Sake, aka nihonshu, is not everyone's cup of tea. It’s understandable. Its taste can be a bit confusing for the novice – it exists in that nuanced region between a gulp of wine and sip of hard liquor.

These are challenges Melbourne couple Yuta and Sharlyn Kobayashi are very much aware of. They recently launched their own online sake label, Tōji. And it’s brewed with you in mind.

The couple concocted their project 18 months ago while sitting in a bar in Marysville. Yuta, who moved to Melbourne from Chiba (near Tokyo) when he was a baby, felt like a nip of the old brew. But he couldn’t get one.

“It’s really hard to find a sake that you really want to drink” in Australia, Yuta says. “Really hard for the average Joe to choose sake.”

And, Sharlyn adds, “When you have a bad sake it sticks with you forever.”

After selling Armadale cafe Coin Laundry (they came in after the original owners), the Kobayashis spent around nine months travelling back and forth to Japan, where they visited dozens of different brewers, looking at everything from processes and history to where their water and rice came from.

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“We’ve really played around with what we think would be the ideal flavours and complex aromas of sake [that’s] ideal for the Western market,” says Yuta.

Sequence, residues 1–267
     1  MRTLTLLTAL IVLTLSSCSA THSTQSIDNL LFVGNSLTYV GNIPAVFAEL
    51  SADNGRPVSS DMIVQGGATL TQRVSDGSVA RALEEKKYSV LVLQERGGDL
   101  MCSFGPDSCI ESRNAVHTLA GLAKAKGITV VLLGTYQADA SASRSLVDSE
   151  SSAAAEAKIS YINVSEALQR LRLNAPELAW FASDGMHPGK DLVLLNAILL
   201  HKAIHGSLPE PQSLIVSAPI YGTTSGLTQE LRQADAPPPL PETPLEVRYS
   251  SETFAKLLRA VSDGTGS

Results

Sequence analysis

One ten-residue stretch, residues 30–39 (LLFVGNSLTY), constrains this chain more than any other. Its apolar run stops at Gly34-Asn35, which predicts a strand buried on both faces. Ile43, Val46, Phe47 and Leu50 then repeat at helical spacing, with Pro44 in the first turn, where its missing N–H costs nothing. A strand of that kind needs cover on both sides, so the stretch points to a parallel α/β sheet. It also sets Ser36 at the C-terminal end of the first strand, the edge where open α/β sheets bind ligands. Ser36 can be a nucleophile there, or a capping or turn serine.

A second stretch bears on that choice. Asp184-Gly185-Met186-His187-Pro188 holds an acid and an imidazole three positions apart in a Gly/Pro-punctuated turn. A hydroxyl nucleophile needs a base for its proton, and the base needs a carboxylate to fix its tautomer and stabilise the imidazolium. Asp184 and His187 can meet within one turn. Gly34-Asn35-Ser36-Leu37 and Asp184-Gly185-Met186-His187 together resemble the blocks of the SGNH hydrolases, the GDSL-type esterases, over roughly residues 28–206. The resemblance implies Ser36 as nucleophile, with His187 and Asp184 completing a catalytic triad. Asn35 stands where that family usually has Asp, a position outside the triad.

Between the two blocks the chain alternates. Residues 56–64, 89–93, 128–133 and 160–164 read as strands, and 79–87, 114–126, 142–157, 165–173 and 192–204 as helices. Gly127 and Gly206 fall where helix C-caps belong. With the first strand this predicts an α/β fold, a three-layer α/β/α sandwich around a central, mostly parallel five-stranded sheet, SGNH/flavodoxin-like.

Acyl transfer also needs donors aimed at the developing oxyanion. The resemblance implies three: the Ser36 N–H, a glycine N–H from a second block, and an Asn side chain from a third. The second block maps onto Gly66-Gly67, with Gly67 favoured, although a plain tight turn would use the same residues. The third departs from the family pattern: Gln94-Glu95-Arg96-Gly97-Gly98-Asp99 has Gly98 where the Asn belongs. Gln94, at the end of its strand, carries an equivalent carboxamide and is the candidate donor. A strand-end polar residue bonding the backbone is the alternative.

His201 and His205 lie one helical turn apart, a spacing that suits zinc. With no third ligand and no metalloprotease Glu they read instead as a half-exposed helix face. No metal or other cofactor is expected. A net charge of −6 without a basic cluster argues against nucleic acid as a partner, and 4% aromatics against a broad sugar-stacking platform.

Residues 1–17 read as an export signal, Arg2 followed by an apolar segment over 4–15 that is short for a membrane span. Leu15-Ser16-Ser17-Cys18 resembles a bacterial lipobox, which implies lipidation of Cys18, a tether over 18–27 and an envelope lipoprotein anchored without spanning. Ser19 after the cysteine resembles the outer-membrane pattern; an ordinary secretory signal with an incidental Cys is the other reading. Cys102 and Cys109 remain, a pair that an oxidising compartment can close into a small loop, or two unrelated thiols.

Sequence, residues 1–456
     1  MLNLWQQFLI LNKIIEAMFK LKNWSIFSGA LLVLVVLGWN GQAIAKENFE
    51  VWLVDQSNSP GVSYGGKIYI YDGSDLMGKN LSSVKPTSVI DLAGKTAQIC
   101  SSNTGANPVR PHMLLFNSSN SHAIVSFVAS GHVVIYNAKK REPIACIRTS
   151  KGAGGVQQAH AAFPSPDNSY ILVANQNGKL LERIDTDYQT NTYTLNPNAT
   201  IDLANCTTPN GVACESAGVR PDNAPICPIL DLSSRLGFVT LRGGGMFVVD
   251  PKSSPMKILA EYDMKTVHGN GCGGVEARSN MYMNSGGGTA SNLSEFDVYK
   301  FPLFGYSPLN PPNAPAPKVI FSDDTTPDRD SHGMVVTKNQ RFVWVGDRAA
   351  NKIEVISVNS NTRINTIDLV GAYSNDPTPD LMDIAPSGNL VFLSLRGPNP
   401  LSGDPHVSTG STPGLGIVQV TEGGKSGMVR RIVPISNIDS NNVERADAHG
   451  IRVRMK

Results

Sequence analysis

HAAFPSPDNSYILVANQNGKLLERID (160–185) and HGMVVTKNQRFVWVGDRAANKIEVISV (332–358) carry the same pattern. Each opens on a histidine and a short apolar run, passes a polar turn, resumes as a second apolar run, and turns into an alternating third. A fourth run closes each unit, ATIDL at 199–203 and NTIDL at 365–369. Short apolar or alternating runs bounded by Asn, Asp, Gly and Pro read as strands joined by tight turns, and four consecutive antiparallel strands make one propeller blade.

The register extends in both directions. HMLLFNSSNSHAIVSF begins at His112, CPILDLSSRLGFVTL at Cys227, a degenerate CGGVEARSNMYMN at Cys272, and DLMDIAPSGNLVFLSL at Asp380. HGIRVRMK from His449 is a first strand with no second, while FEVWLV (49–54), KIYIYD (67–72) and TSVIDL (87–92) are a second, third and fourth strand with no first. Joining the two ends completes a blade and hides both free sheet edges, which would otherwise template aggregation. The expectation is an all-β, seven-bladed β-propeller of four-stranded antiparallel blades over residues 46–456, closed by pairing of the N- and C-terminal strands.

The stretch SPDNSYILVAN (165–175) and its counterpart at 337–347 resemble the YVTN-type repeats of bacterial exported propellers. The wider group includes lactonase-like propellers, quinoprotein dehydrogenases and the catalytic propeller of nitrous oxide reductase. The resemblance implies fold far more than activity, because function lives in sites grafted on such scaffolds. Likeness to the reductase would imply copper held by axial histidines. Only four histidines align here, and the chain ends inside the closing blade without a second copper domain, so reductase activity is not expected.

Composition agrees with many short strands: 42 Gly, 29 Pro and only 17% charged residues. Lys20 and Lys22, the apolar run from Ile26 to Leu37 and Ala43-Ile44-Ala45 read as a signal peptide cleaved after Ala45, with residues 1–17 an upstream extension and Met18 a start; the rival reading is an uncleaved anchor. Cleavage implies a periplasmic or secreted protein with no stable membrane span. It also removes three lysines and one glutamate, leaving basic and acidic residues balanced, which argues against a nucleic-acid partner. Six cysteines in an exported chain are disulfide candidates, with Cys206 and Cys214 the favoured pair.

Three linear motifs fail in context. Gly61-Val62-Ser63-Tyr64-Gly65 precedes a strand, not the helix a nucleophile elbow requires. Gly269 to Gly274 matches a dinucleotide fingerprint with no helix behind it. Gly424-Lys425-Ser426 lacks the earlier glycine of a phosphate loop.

In the end, they settled on a brewery in Murakami, Niigata – an area that’s known for producing dry, crisp sake. Their brewer is an elderly tōji (which means “brewmaster”) who operates a small and idyllic “old-school” facility in the hills of the Asahi mountain range. The rice is farmed during summer and the sake brewed in winter, and they gather water from a well that collects trickled mountain snow through a supposedly centuries-old underground vein.

“Traditional stuff,” Yuta says, nodding his head.

The Kobayashis are holding the exact name, age and location of their tōji close to their chest. “We’ve become good friends with the tōji,” Yuta says with a furtive smile. “Imagine the karate kid – Mr Miyagi style.” “We wanted to name it after him, he’s dedicated 40 years of his life to his craft,” adds Sharlyn.

They use a smooth and slightly rich hybrid species of rice called koshi-tanrei (which is only grown in Niigata), and brew it in the junmai daiginjo (the highest premium) style. Taste-wise, it’s on the dry side of sake (literally plus three on the dry-to-sweet scale, minus three being sweet). According to the Kobayashis, you can expect “subtle notes of apple” with an initial wave of sweetness that quickly smoothens out. (Smoothness is the operative word).

It’s brewed and bottled in Japan and arrives at your door in an elegant black tube that contains a Bordeaux-style 720-mililitre bottle with minimal black-and-white branding, ready for the fridge. (The Kobayashis recommend chilling it to about nine degrees before cracking it open.) The bottle and packaging was designed with the help of Melbourne-based studio Swear Words.

Yuta says they are also currently negotiating arrangements with various bars throughout Sydney, such as Toko Sydney, and Melbourne, including Minamishima, Tokyo Tina and Rice Queen. “More to come as well,” Yuta adds. And of course, you can buy it online for delivery anywhere in Australia.

Kanpai.

tojisake.com.au

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